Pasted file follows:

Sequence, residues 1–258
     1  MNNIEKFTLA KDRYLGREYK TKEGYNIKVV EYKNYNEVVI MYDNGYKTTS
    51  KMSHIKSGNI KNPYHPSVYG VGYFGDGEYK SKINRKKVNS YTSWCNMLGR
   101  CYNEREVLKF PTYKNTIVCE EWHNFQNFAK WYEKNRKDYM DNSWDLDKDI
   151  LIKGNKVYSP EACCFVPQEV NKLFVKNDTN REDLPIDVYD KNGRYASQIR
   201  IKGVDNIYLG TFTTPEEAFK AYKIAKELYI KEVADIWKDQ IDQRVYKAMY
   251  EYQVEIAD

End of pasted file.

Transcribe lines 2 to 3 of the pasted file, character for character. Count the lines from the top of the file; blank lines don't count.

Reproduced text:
     1  MNNIEKFTLA KDRYLGREYK TKEGYNIKVV EYKNYNEVVI MYDNGYKTTS
    51  KMSHIKSGNI KNPYHPSVYG VGYFGDGEYK SKINRKKVNS YTSWCNMLGR